John A. Swanson ’61, M.Eng. ’63, internationally recognized authority and innovator in the application of finite-element methods of engineering, will be honored with the 2021 Cornell Engineering Distinguished Alumni Award. Read more about Swanson ’61, M.Eng. ’63, to receive 2021 Distinguished Alumni Award
Nicole Sharp '09, Celebrated Science Communicator - Not your Typical Post-Ph.D. Path
By Erin Philipson
When Nicole Sharp ’09 started her fluid mechanics blog, FYFD, she never imagined the attention she would garner and certainly didn’t foresee her career taking the path that it did.
Sharp had always been interested in engineering growing up, specifically aerospace engineering, but she didn’t discover fluid mechanics until she was in college at Case Western Reserve University. After diving deeper into the subject with her senior capstone, she knew she wanted to pursue experimental fluid dynamics in graduate school.
A series of positive interactions with faculty in the field in the Sibley School of Mechanical and Aerospace Engineering led her to Cornell for her doctoral degree. Sharp was captivated by wind tunnels throughout her undergraduate career, so the wind tunnel in the Sibley School, the largest on campus, also helped in attracting her to the department.
“I don't have a particularly good explanation for why I was so into wind tunnels going through school, but they were just a thing that really captured my attention and imagination,” says Sharp.
Sharp ended up working in wind tunnels at every university she attended, conducting research along the way. At Cornell, Sharp studied turbulent boundary layers, specifically, what happens when you have extremely turbulent flow in a freestream. Her research was looking at the back end of the problem, where extreme turbulence causes chaos.
After completing her Master’s at Cornell, Sharp went on to pursue her Ph.D. at Texas A&M University, to ask the question, “how does turbulence start?” During this time, Sharp began to realize that there was very little discussion of fluid dynamics online and if the topic was discussed, it was poorly explained. Sharp herself hadn’t discovered that the subject existed until junior level engineering courses.
“Although it's a subject that really touches on all of our lives all the time, it's not something that a lot of people would learn about in school,” says Sharp. “Why are we making people study all this calculus and physics before we even tell them that fluid mechanics exists, especially because there is a long history of producing really interesting photos and videos, specifically in the in kind of the area of flow visualization.”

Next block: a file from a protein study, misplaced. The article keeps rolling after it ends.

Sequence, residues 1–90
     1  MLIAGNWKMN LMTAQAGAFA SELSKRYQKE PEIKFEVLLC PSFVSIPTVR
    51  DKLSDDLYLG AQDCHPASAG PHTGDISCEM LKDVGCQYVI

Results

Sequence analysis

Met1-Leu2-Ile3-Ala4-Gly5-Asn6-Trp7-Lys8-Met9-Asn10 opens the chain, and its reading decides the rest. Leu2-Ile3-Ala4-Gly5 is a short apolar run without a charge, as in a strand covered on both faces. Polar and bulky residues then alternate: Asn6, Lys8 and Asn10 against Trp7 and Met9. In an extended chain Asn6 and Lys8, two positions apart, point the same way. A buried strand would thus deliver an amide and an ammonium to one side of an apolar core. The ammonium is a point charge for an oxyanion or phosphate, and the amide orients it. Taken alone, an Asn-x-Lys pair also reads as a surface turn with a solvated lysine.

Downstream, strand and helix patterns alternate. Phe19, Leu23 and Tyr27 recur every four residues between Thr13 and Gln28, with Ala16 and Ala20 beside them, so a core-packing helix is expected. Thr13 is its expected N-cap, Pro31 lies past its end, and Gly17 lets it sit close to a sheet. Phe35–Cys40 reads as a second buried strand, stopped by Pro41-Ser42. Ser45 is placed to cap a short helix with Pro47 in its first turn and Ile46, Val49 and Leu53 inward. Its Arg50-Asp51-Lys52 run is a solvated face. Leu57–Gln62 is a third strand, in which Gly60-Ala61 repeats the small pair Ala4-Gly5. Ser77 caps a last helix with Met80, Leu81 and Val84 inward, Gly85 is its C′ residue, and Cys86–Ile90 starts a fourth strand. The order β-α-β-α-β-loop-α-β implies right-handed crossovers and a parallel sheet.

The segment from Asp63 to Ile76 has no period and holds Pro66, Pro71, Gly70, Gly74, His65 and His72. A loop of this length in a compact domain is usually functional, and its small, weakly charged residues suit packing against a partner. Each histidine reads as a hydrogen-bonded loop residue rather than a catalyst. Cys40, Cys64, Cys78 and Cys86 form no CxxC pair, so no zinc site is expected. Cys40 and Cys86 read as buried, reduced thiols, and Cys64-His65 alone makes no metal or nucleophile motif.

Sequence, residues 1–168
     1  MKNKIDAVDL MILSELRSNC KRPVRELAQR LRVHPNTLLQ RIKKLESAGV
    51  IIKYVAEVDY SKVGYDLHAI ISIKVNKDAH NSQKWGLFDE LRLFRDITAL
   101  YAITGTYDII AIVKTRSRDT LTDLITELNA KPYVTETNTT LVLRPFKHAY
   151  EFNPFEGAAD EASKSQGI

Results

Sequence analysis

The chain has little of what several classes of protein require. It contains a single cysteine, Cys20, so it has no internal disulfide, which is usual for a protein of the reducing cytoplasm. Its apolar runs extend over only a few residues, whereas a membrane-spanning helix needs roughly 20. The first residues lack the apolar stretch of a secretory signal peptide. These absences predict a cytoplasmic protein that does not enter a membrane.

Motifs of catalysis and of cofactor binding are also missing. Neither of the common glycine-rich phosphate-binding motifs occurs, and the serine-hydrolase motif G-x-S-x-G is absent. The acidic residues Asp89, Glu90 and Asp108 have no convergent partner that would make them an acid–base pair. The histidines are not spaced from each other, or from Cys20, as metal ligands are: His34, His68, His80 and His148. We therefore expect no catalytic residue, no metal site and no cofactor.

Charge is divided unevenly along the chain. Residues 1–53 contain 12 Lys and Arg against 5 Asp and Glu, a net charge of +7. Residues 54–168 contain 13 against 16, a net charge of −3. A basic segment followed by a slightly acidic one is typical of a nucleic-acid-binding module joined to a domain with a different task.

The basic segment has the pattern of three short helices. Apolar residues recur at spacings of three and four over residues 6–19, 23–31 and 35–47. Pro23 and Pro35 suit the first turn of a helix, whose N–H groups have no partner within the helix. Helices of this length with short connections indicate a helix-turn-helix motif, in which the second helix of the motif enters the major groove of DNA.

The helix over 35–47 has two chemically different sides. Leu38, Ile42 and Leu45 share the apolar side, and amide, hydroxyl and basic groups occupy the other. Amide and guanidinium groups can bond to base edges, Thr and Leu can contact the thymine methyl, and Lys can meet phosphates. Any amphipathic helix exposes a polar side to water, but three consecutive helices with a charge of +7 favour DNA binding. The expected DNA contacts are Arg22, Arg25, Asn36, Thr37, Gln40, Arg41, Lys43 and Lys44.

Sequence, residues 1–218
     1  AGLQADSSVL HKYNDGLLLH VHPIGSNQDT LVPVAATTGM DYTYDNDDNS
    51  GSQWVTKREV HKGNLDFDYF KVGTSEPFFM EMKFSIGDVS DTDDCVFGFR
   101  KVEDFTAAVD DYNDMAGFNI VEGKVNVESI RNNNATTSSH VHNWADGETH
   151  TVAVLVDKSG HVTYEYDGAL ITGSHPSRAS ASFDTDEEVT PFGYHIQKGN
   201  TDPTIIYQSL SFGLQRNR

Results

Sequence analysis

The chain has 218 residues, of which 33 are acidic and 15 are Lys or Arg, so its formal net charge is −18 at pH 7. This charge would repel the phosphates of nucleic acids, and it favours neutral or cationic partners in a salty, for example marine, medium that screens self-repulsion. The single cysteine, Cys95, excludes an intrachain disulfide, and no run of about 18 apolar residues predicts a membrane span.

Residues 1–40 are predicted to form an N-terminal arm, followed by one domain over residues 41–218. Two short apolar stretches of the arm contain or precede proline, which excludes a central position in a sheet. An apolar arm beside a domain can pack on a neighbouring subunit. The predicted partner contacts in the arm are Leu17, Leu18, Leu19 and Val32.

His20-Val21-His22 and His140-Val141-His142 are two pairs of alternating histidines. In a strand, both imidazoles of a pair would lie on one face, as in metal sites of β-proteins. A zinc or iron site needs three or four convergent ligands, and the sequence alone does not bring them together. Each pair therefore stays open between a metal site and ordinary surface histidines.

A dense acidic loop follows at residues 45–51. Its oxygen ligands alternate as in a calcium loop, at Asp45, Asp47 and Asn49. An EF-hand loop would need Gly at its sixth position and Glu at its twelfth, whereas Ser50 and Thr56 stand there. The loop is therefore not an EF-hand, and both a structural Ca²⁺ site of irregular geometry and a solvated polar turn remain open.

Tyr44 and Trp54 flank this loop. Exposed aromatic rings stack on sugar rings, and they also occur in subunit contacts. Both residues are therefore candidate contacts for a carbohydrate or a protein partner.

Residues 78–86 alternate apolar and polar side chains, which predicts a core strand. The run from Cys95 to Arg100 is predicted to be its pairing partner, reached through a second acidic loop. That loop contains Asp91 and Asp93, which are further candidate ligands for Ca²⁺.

This is when her blog, FYFD, was born – with daily posts about how our everyday lives are interconnected with fluid mechanics. Later on, YouTube “explainer” videos were added to her science communicator repertoire.
“I assumed that no one was ever going to look at this,” says Sharp. “I figured I was shouting into the void, and maybe like five people would ever care. And it turned out I was wrong, because people found it and people got excited for it.”
It was when Sharp’s blog was featured in Wired Magazine’s 101 Signals that she knew she was really reaching people with her content. FYFD grew so much since its inception in 2010, that after working in industry for a few years, Sharp decided to follow her passion and pursue science communication as her full-time career. She splits her time between direct outreach through her blog and YouTube channel and her science communication business, where she consults for academics and others looking to convey their scientific work simply and coherently.
“We come up with a narrative that explains the science at an appropriate level, to be understandable to the audience they're interested in, in the space of, say, a five-minute video or a series of five-minute videos,” says Sharp.
Sharp and her work have been featured in numerous articles, podcasts and videos including Forbes, Associate Press, NPR, Physics Girl and more. Most recently, Sharp is being featured in an If/Then exhibit in Dallas, Texas that showcases more than 120 3D printed statues of female STEM innovators.